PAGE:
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Saturday, June 9, 2012

Review: 2012 Nissan Quest LE

The 2012 Nissan Quest is the first minivan that I have ever driven (Because 1. Growing up my grandmother (she drives an Infiniti EX35) hated minivans.  2. I am 22. 3. I have no kids!). After taking a year off the Quest returned to the Nissan lineup in 2011. The Nissan Quest competes against the Toyota Sienna, Honda Odyssey, Kia Sedona, Dodge Grand Caravan, and the Chrysler Town & Country. My tester was a top of the line 3.5 LE coming in at $44,665.

Exterior
Most people will be turned off by the BOLD styling of the Nissan Quest. But I have to say that the Quest is a very attractive vehicle (I like vehicles like the Hyundai Veloster and Nissan Juke!). It is very evident that some styling cues were taken from Infiniti. After reading hundreds of comments, many seem to not like the rear of the Quest which is very boxy. When I first saw the pictures of the new Quest I didn't like it either and it does take some getting use to.

Interior
The Quest's interior is beyond luxurious. All trim levels of the Quest offer soft touch materials and high-quality plastics throughout the cabin. The navigation system, shifter, stereo and climate controls are neatly organized on the center console. A big plus is that the buttons and knobs are easy to reach from the driver's seat. No one will have a hard time finding storage because there are tons of spaces and compartments to put items. The front two bucket seats were really comfortable and I was surprised about how supportive they were. The second and third row seats were just as comfortable. Everyone will have more than enough headroom and legroom. The second and third row seats fold forward but cannot be removed. The Quest's competition allows the removal of the second row seats, and the third rows to fold into the cargo bay. While Nissan's seat decision does compromise cargo, I found their approach to be more convenient. If I was blind folded and put in the Quest I would have thought I was in a luxury vehicle.

Tech
The Quest comes standard with Nissan's Intelligent key and push button start. I am a big fan of Nissan/Infiniti navigation systems and the navi system in the Quest does not disappoint. My favorite feature is the power sliding doors. The doors really come in handy especially if you have your hands full. My tester came with Bose audio, Bluetooth connectivity, an 11" screen and DVD entertainment system, and XM satellite radio.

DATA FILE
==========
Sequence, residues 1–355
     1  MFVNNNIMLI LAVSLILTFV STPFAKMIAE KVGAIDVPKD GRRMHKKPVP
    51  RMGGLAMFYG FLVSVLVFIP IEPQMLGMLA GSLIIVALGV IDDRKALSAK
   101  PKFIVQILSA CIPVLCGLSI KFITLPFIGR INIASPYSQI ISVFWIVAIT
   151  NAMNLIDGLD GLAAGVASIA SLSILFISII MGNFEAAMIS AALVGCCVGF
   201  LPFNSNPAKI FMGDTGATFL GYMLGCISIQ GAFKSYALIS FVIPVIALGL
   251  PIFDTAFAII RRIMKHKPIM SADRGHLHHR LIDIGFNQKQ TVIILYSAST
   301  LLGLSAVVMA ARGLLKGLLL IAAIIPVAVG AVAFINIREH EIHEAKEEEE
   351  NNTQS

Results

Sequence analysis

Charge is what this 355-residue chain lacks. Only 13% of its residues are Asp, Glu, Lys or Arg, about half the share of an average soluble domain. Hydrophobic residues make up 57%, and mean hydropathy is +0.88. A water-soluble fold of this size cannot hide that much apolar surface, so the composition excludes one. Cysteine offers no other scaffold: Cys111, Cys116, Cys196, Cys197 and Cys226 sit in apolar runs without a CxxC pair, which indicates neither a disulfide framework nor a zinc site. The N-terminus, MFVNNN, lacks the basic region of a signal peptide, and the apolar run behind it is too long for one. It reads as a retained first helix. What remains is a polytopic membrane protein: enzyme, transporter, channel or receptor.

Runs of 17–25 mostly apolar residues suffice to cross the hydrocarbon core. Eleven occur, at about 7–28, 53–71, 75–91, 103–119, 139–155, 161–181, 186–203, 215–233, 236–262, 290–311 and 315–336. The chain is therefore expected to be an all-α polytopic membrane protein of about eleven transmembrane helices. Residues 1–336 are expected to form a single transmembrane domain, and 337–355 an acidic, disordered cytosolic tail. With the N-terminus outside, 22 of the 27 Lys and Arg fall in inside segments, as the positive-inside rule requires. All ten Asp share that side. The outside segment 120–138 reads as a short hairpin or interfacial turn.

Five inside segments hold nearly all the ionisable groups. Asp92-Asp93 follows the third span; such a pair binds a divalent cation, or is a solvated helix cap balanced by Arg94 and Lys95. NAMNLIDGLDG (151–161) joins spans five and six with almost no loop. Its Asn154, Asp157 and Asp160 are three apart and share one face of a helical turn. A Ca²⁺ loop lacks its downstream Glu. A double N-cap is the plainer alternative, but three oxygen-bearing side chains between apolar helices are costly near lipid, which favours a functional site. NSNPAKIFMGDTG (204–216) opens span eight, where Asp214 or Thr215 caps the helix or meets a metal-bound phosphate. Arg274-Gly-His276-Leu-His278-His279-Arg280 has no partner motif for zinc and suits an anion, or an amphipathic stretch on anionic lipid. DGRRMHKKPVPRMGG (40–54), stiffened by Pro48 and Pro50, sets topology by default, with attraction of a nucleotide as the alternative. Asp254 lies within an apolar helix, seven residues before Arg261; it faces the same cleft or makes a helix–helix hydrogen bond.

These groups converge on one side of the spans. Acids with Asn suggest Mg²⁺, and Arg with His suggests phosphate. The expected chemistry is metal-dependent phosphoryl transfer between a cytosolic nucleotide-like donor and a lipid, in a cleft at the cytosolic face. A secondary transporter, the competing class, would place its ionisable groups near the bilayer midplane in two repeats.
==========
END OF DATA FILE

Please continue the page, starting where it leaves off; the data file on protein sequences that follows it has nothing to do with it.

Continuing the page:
Behind the Wheel
The Quest is powered by Nissan's 3.5L V6 engine producing 260 hp and 240 lb-ft of torque. The engine is paired with a CVT (continuously variable transmission). Many people dislike the CVT because it does not shift like a traditional automatic and makes a droning sound. But the CVT transmission works really well with Nissan's V6 engine. Power does come on smoothly but I do wish there was more torque. The Quest departs from most of the Nissan lineup because its suspension was tuned to be luxurious and not sporty. At speeds above 60 MPH the cabin is very quiet. The Quest handles really well and is very responsive. The large windows offer great visibility which is always good with a large vehicle.

Overall
I think the Nissan Quest is a great vehicle that  people looking for a minivan should take a look at. Many people get caught up in brands and do not give others a chance. The Quest is a vehicle that people should give a chance. Buyers looking for an 8 passenger minivan should look at some of the competitors, but if 7 seats work for your family then make your way to a Nissan dealership(In the NC area visit my friends at Greenville Nissan). Nissan really took that year off to think about the Quest and created a minivan with unique styling, a luxurious interior, and a smooth ride. A 2012 Nissan Quest S trim starts at $25,990 and delivers 19 mpg city and 24 mpg hwy.


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